blogger and CIO of Cambria Investment Management, got on investors’ radar screens with The Ivy Portfolio. Since that first co-authored book, he has written Shareholder Yield, Global Value, and Global Asset Allocation. His latest book is Invest with the House: Hacking the Top Hedge Funds (The Idea Farm, 2016).
The same general strategy that informs this book is the rationale behind AlphaClone, a company Faber helped cofound in 2008 but in which he is no longer actively involved. That is, piggyback on the stock picks of the best investors.
Any investor can access the SEC’s EDGAR database and, 45 days after the quarter’s end, view the holdings of every institutional fund with assets under management of over $100 million. Yes, this information may be stale; it provides insight into funds that hold stocks for a reasonably long time (mainly value managers), not those with a high turnover rate. Moreover, the 13F filings list only long positions, so the individual investor has no idea whether or how these long positions are being hedged and what “stand-alone” shorts the fund may hold.
Even so, can the individual investor gain an edge by cloning? Faber answers this question by analyzing the 13F quarterly filings of twenty prominent value investors, going back to January 2000. He creates historical stock portfolios, equal weighting the top ten holdings of each manager’s portfolio. And he rebalances quarterly, adding and deleting holdings and calculating performance as of the twentieth day of the month.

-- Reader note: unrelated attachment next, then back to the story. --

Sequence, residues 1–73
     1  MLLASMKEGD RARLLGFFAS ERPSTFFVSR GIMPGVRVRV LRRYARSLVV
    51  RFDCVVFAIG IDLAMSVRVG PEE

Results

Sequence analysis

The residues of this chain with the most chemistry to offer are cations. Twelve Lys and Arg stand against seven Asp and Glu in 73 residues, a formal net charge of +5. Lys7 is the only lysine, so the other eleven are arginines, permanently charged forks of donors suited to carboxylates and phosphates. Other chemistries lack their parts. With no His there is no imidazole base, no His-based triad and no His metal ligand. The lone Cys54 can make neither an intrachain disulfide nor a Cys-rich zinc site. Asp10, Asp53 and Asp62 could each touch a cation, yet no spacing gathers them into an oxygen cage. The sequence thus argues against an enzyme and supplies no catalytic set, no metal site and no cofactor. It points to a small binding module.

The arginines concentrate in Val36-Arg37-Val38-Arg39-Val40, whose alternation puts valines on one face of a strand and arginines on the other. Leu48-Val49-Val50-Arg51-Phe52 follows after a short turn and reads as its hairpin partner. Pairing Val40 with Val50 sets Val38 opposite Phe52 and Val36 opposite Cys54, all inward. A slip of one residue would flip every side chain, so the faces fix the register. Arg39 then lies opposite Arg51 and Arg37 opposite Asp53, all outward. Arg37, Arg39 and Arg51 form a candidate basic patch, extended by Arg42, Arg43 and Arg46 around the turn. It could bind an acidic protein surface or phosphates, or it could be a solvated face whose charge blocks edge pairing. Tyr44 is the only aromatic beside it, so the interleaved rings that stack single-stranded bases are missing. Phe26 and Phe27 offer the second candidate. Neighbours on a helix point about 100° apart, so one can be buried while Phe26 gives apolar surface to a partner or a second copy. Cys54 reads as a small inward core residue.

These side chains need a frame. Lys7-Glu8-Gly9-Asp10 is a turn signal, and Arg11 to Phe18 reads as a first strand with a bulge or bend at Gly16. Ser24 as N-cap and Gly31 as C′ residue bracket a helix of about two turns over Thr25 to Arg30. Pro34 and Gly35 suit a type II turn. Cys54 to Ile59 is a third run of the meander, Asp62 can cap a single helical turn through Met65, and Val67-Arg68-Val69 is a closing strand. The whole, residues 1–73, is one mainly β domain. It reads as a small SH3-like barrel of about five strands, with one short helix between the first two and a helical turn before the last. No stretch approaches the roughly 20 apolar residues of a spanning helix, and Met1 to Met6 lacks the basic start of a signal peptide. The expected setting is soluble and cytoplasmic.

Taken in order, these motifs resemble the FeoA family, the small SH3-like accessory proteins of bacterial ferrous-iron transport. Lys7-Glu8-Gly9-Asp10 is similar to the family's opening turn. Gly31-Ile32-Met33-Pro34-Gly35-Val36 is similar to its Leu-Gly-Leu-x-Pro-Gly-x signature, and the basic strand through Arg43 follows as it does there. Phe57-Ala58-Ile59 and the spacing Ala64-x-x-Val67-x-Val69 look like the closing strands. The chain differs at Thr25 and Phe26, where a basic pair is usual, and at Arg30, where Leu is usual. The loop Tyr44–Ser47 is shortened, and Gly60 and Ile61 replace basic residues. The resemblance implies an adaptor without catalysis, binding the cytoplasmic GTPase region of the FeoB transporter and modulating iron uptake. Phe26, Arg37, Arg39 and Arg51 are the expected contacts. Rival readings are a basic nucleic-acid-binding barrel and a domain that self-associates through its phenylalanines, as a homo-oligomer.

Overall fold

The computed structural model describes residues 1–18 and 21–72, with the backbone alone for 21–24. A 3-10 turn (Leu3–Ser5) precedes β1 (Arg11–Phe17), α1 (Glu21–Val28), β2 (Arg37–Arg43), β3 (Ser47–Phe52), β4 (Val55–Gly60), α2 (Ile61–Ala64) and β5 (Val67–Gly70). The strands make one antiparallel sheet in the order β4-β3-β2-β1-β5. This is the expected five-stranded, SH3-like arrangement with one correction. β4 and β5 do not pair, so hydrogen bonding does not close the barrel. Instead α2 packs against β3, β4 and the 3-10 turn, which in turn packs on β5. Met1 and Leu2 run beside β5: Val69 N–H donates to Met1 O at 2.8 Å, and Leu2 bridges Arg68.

The annualized performance of the S&P 500 from 2000 through 2014 was 4.31%, with a volatility of 15.24%, a Sharpe ratio of 0.16, and a maximum drawdown of 50.95%. This is the benchmark against which Faber measures the performance of his cloning strategy.
Although Faber no doubt cherry-picked the twenty funds (plus, in appendices, more funds that don’t have such a long track record) to ensure that his cloning strategy would be successful, the results are impressive. Cloning Berkshire, for instance, using Faber’s methodology, investors would have had an annualized return of 10.53% with a lower drawdown. Cloning David Tepper’s Appaloosa, the return would have been 20.94%, though with more volatility and a higher drawdown.
Faber’s book not only offers investment ideas but is fun to read. Each chapter introduces the reader to the hedge fund manager and his philosophy before crunching numbers.
And lest the individual investor think, for whatever reason—ego probably topping the list, that he doesn’t need to imitate others, here’s a sobering statistic: “Simply picking a stock out of a hat means you have a 64 percent chance of underperforming a basic index fund and a 39 percent chance of losing money!” (p. 13)